'We all need a timeout:' Senate goes home without confirming more Walz commissioners

The Minnesota Senate ended the special session Wednesday without confirming any more of Gov. Tim Walz's commissioners, bringing a sudden end to 18 straight months of legislating and heated political rhetoric at the state Capitol.

Democrats moved to adjourn the session amid frustrations over the Republican-led Senate's treatment of former Pollution Control Commissioner Laura Bishop, who resigned Tuesday rather than be fired by the Senate.

Republicans initially had planned to take votes on two other commissioners, Jennifer Ho of Housing Finance and Sarah Strommen of Natural Resources. But after a lengthy debate over Bishop's resignation, the Senate voted 46-18 to adjourn without any more confirmations.

"Like a lot of 3 year olds, we all need a timeout," said state Sen. Ann Rest, DFL-New Hope.

Bishop resigned when she said Senate Republicans told Walz that they would remove her. She had been implementing tougher vehicle emissions standards that Republicans oppose. GOP members also accused her of showing up unannounced at their offices and demanding meetings.

Controversy erupted Wednesday morning over the comments of a Republican senator who gloated about Bishop's resignation on talk radio.

"Laura Bishop has, how do you say, she’s put her own head into a noose and jumped," state Sen. Dave Osmek, R-Mound, said on KNSI/1450 AM. "She was a terrible commissioner – absolutely terrible commissioner, particularly with that 'clean cars' junk she was trying to ram through."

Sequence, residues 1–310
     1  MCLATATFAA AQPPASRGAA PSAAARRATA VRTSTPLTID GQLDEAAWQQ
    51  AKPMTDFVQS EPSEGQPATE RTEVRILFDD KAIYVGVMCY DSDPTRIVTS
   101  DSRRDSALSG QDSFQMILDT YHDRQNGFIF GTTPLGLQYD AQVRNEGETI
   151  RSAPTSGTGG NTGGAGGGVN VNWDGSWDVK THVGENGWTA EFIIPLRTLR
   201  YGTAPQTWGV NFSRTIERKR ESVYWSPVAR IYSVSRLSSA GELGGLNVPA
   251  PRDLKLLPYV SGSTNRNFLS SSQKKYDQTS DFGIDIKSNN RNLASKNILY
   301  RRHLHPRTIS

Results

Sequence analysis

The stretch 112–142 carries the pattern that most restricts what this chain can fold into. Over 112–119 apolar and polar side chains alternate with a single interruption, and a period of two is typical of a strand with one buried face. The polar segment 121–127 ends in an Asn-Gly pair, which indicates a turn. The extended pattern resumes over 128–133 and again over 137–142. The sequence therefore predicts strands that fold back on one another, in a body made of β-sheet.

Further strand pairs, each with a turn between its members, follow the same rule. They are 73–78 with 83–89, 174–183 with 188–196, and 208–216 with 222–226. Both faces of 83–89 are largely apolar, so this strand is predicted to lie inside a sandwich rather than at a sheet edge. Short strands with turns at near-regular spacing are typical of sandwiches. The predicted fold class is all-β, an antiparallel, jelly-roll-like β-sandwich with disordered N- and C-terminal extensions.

Democrats distributed Osmek's quote in the Senate chamber Wednesday morning, leading Senate Majority Leader to distance himself from Osmek's comments.

"I do not support the comments of Sen. Osmek related to the commissioner of the MPCA," Gazelka, R-East Gull Lake, told reporters.

Gazelka said Republicans would have voted to confirm the DNR's Strommen but had decided to take no action on Ho's appointment, leaving her in limbo until a future special session. The Senate has left all but four of Walz's cabinet members unconfirmed.

Senate Republicans removed Labor Commissioner Nancy Leppink and Commerce Commissioner Steve Kelley in separate votes last summer.

"Our goal isn’t to remove commissioners. Our goal is for commissioners to work with us," Gazelka said.

Uncertainty remains for several other Walz appointees.

Gazelka ruled out removing Health Commissioner Jan Malcolm because he said there wasn't enough support in the Republican caucus for such a move. The GOP base has been pushing for months for Malcolm's removal, upset over the public health measures like a mask mandate and business closures she advocated during the COVID-19 pandemic.

Democrats compared the process to a sword over the heads of Walz appointees since the governor took office in 2019.

"It is the continued implied threat that if a commissioner does something that they don’t like, then they can be removed at any minute," Senate Minority Leader Susan Kent, DFL-Woodbury, told reporters. "I don’t think that is helpful for the state of Minnesota."